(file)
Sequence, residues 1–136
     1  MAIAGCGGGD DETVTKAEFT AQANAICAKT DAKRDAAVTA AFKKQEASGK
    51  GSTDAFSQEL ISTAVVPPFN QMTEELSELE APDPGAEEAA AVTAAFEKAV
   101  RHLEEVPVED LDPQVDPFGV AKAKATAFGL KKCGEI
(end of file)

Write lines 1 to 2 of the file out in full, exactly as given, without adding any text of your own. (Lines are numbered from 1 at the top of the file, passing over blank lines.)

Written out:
Sequence, residues 1–136
     1  MAIAGCGGGD DETVTKAEFT AQANAICAKT DAKRDAAVTA AFKKQEASGK